Why do Odysseus and his men burn an offering for the gods on the island of the Cyclops in The Odyssey?
Odysseus burns an offering for the gods because there is an extra ram left over after the men have divided up the Cyclops's sheep among them, and because Odysseus hopes that the gods will heed his sacrifice and protect him and his crew on their way home.
When Odysseus and his men finally return to the island where they have left the rest of their ships, they divide the sheep they have stolen from the Cyclops among themselves, giving each man an equal share so that none would complain. There is an extra ram, and the men decide it should go to Odysseus; Odysseus sacrifices this ram on the shore to the god Zeus. Odysseus prays that Zeus, who is lord over all, will grant them his protection on their journey home, especially since Cyclops has prayed to his own father Poseidon to avenge him against Odysseus, who has stolen his flock and put out his eye. Unfortunately, Zeus does not heed Odysseus's sacrifice, only thinking how "he might destroy both (Odysseus's) ships and (his) comrades" (Book IX).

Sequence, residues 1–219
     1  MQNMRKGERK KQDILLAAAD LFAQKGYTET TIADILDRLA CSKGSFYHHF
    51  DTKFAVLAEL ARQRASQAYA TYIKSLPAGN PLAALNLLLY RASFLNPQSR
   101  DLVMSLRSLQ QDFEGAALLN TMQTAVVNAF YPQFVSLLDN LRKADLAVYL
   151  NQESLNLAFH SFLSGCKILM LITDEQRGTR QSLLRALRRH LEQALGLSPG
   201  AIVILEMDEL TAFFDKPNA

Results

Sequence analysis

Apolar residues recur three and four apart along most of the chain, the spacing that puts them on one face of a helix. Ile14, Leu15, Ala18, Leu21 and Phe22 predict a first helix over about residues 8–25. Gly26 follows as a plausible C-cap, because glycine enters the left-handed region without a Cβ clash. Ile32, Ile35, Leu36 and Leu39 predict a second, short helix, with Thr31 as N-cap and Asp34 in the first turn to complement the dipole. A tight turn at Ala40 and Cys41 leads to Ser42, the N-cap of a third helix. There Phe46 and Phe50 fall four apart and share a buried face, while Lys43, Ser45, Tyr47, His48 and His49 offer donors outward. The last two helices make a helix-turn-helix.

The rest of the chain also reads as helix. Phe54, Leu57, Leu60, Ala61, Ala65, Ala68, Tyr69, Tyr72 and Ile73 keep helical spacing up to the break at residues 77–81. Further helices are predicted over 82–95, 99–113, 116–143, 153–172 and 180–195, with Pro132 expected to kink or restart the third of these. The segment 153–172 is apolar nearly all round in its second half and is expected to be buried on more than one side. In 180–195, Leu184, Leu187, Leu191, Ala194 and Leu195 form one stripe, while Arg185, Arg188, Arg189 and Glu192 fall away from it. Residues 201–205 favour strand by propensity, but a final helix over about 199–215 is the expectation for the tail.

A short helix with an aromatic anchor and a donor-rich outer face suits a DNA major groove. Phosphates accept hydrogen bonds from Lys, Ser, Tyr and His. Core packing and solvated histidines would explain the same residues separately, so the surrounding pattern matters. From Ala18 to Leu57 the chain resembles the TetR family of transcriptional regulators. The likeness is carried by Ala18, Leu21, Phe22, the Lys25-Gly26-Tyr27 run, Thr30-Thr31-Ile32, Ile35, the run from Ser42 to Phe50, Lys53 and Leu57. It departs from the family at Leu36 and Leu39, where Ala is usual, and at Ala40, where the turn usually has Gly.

The sacrifice of the extra ram, in a way, represents the trust and respect that Odysseus's men have for him. It is also representative of the ill-fated journey, because even though Odysseus does right by sacrificing the sheep to Zeus, he still encounters many trials. In fact, by the end of the epic, all of his men have been killed in various ordeals.